Embracing Change

Embracing Change

Life is full of experiences, some pleasant, some less so.

All of us have experienced much change – family life, work, health, church and other community groups, where we live, etc..

We can fear change or embrace it.

Those of us who have been involved with MUC in recent years have been acutely aware that church life has also been changing – there have been aspects that have caused concern, and aspects that have caused excitement – some of us may have had opposing feelings toward particular changes.

Like many of you who have moved several times, we have lived with the high expectations offset by uncertainty and doubts associated with family relocation associated with work, and the concerns that come with job redundancy.

Peter worked with the SECV (State Electricity Commission of Victoria), early days in Melbourne, and later in the Latrobe Valley for 16 years until 1991. That finished during a period of major change for the SECV – the first moves toward the privatisation of much of the organisation – then employing 21,000 people. Most SECV employees at that time believed that they and their families would have the benefits of “lifetime” secure employment.

One section of the Transport Services Group that he managed became the first significant group to be ‘privatised’ and the other sections were clearly likely to follow.

Being aware of the trauma that many people were likely to experience, we arranged for the Industrial Chaplains to conduct an ‘Understanding Change’ program, initially for the management group, and then for everybody. One of the most significant exercises during the program was to get participants to list their significant memories, good and bad, from early days until age 15, discuss them with a colleague and then repeat from age 16 to the present time. For many participants there were some ‘pretty heavy’ memories evoked but the purpose of the exercise was to find:

We are where we are – because of, and in spite of, these experiences.

We’ve made it to here – we can live with some uncertainty regarding the future.

It was also pointed out that there can be phases in our reactions to change – initially shock/denial, followed by anger/fear, then hopefully acceptance/ optimism, and embracement/commitment to the new way.

That program and other discussions helped many people, including us, get a less troubled perspective re the future.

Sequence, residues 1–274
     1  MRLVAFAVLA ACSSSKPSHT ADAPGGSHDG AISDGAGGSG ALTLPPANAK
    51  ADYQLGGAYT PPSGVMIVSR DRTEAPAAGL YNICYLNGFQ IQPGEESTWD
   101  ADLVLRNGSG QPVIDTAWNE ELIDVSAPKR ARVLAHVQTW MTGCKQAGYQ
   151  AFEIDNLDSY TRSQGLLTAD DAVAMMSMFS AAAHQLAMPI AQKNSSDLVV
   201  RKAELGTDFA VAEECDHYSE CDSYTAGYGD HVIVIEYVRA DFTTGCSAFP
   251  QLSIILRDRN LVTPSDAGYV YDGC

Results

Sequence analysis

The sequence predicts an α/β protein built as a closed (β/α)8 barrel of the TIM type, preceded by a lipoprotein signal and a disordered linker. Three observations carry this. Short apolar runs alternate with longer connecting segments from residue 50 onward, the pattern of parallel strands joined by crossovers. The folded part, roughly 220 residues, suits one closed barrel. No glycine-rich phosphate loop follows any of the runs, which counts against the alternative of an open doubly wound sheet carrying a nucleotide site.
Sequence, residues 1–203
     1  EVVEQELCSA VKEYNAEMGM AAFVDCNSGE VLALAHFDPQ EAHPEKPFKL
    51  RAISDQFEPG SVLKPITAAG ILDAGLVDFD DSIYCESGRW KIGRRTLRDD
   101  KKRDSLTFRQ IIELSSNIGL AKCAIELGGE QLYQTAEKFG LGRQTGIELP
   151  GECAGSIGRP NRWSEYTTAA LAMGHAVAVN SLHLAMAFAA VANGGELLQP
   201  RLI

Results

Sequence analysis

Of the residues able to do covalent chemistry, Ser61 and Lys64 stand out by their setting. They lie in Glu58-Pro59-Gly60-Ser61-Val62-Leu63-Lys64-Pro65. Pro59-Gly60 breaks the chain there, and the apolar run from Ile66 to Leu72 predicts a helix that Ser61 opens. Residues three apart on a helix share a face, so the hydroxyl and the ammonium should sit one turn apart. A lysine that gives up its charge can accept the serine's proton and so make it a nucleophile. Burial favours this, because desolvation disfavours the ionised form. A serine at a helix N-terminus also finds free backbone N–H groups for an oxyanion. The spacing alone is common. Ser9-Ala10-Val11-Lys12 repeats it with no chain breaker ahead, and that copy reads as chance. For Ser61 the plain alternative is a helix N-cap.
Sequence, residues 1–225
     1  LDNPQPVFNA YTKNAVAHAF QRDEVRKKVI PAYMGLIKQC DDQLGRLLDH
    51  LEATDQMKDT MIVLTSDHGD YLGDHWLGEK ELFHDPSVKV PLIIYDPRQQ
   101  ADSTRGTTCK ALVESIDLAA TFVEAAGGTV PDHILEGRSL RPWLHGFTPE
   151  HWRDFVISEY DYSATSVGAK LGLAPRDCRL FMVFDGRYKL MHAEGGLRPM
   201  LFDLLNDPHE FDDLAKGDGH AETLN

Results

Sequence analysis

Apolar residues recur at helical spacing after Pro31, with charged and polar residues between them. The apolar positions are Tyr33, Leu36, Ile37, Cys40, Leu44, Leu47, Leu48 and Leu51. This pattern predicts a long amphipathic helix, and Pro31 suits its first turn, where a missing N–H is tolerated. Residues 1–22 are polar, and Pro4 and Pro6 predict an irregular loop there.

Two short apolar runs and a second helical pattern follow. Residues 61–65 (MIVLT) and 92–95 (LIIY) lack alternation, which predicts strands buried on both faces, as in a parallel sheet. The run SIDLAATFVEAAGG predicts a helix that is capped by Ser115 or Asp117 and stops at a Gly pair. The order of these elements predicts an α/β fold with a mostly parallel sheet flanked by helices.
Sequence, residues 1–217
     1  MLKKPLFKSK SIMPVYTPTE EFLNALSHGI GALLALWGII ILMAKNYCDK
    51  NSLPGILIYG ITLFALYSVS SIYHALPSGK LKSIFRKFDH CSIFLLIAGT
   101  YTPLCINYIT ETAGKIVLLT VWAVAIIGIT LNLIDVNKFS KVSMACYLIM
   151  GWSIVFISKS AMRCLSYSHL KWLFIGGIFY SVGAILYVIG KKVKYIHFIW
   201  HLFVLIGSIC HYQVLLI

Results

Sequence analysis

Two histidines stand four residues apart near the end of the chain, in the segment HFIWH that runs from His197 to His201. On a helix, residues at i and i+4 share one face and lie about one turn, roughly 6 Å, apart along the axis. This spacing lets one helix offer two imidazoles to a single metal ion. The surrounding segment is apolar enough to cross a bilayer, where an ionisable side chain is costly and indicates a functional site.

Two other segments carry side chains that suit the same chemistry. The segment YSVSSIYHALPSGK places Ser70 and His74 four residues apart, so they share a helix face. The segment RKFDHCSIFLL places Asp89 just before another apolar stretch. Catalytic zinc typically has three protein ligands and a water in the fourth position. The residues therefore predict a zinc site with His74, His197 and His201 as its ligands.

The personal outcome of this privatisation process was that Peter became redundant – somewhat expected, but a reality to face. A new position was found but it required that we move back to Melbourne, leaving Sue, our recently married daughter, and our 20 year old son Chris, to live a life without Mum and Dad nearby and for us to start another phase of our lives – new home, new job, new church group, re-establish friends network, etc.

As a couple we have a trail of ‘Gone’ items.

  • Family homes in Glenroy, Doncaster and Yallourn – demolished for redevelopment.
  • Churches – Glenroy Methodist now a mosque, East Doncaster Methodist/Wesley Uniting sold to developers, Yallourn Methodist/Presbyterian/ Uniting demolished as part of Open Cut expansion MUC Andersons Creek Road sold to developers.
  • Peter’s workplaces – Hazelwood Power Station – demolished, Transport Workshops and other facilities in Melbourne and the Latrobe Valley – demolished or re-purposed.

Those places that were important to us in earlier times no longer exist, but life goes on.

Some comments and quotes that we have found helpful:

  • We have no problems, only challenges and opportunities. (The challenges may be great and the opportunities hard to find, but they will be there)
  • The serenity prayer “God grant me the serenity to accept the things I cannot change, Courage to change the things I can, and Wisdom to know the difference.”
  • We can exercise choice in how we face life:
  • Start each day – decide to be in a good mood or bad mood – choose good.
  • When something bad happens – decide to be a victim or learn from it – choose learn.
  • When someone comes complaining – decide to accept their complaint or point out the positive side of life – choose the positive.
  • Life is about choices – When you cut away all the junk, virtually every situation is a choice.
  • You choose how you react to situations.
  • You choose how people will affect your mood.
  • You choose to be in a good or bad mood.
  • It’s your choice how you live your life.

The only thing that is truly yours, that no one can control or take from you, is your attitude, so if you take care of that, everything else in life becomes much easier.

Change need not be feared- it can be embraced and that life is still GREAT!